TPM Cafe: Opinion

Can 11 Million People Really Only Look Forward To Deportations?

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AP Photo / Samantha Sais

Take Erlin San Martin Gomez, the father of two U.S. citizen children, including a 22-month-old with a developmental disability. On September 11, 2013, Erlin was leaving home to pick up his youngest child from the babysitter. An ICE agent confronted Erlin outside his apartment. When Erlin asked what law enforcement agency he was with, the agent instantly handcuffed him and brought him to an ICE van with a high-tech mobile fingerprinting unit. Erlin's records revealed a previous deportation order. ICE agents forced Erlin into the van, ignoring his pleas to at least make a call so someone could pick up his baby.

Over the next five hours, ICE agents drove the van with Erlin in the back around New Orleans, looking for other brown-skinned people to stop

"It's like going hunting," one ICE agent said, according to testimony provided by Erlin.

"I like this shit," another ICE agent said.

The agents eventually arrested five other immigrants and placed the whole group in deportation proceedings. Thanks to pressure from community organizations, Erlin was granted a temporary release. In his release paperwork, advocates unexpectedly found documentation of the new ICE program called CARI.

Our organization has documented dozens more stories like Erlin's--all similar, and similarly grim. A man locked in the back of an ICE van with no air conditioning during a New Orleans heat wave, left in the van with other detainees while the ICE agents stopped at a bar for a beer. A 16-year-old U.S. citizen boy cuffed and thrown to the ground when he tried to help translate during his father's arrest. A mother told to put her infant on the ground to be fingerprinted with the mobile unit.

Under the new CARI program, ICE is conducting indiscriminate raids up to five times a week in New Orleans, terrorizing a community that is asking only for the right to remain in the city it helped rebuild. This comes in the context of a deportation program that was already vastly more aggressive under President Obama, in process and in numbers of deportations, than under President George W. Bush. One might think that President Obama -- a constitutional lawyer and community organizer who ran on hope and change and pledged that humane immigration reform was one of his top priorities -- would moderate the aggressiveness of ICE raids and deportations. Instead he has doubled down with CARI.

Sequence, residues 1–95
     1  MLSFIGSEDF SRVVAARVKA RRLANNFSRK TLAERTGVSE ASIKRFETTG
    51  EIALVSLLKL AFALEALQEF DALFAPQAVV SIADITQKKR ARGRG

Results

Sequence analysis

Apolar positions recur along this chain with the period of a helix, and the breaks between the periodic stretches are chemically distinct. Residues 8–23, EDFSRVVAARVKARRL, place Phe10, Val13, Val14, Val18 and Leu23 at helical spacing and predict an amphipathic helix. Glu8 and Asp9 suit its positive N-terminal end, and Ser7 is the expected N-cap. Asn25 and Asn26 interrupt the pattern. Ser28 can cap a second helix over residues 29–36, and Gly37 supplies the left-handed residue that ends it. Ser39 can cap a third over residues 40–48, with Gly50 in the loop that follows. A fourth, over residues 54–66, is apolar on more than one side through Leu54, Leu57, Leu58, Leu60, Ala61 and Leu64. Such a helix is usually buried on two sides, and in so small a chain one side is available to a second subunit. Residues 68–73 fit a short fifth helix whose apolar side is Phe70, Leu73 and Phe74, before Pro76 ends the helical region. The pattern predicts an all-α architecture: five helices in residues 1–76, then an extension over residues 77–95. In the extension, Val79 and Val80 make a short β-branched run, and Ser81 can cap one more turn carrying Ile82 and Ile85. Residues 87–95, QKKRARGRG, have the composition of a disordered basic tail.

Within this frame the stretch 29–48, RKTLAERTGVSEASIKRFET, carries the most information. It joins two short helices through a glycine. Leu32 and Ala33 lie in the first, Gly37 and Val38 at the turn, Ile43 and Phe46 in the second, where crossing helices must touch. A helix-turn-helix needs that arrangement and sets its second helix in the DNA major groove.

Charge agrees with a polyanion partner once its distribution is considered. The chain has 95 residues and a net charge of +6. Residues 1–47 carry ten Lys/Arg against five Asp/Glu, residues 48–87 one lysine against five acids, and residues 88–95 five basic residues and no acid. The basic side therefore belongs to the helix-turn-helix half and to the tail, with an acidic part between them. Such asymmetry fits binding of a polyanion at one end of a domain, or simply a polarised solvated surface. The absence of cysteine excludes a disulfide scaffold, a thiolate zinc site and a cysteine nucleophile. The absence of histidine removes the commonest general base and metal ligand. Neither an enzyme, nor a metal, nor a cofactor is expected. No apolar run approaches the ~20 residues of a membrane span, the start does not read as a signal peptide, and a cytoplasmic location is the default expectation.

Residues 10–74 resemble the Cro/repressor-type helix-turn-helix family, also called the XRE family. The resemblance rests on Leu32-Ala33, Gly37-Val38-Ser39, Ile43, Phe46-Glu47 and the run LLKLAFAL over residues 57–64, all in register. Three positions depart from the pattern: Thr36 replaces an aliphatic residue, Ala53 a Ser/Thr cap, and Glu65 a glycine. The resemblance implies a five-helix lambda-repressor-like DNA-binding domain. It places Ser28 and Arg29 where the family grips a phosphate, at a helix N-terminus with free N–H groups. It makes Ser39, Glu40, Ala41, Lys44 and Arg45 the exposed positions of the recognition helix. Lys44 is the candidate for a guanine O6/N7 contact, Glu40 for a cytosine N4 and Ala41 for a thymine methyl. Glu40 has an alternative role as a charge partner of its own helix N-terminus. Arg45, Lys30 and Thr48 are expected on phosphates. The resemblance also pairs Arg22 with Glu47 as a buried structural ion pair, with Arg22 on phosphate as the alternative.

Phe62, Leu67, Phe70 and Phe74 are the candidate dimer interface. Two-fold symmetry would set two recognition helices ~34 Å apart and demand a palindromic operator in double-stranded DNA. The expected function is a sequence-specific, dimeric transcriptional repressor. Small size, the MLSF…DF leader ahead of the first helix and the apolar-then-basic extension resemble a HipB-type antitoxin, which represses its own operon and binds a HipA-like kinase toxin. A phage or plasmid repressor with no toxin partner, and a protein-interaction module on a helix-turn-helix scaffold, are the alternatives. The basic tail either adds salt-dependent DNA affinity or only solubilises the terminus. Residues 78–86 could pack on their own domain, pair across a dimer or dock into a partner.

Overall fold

It remains to be seen whether President Obama can push comprehensive immigration reform through Congress, especially with Republican Speaker of the House John Boehner saying he has "no intention" of taking up the Senate immigration bill in the House. But President Obama has the power to dial down the brutal raids and deportations of undocumented immigrants, rather than dialing them up even further. With Jeh Johson likely to be confirmed as the new Secretary of Homeland Security, as well as new leadership at ICE, now is the time for the Obama Administration to rethink how it treats the 11 million aspiring Americans who are currently undocumented in our nation -- and whether our government should treat them with the humanity President Obama rhetorically espouses, or the cruelty they now face every day.

Saket Soni is Executive Director of the New Orleans Workers' Center for Racial Justice and the National Guestworker Alliance.

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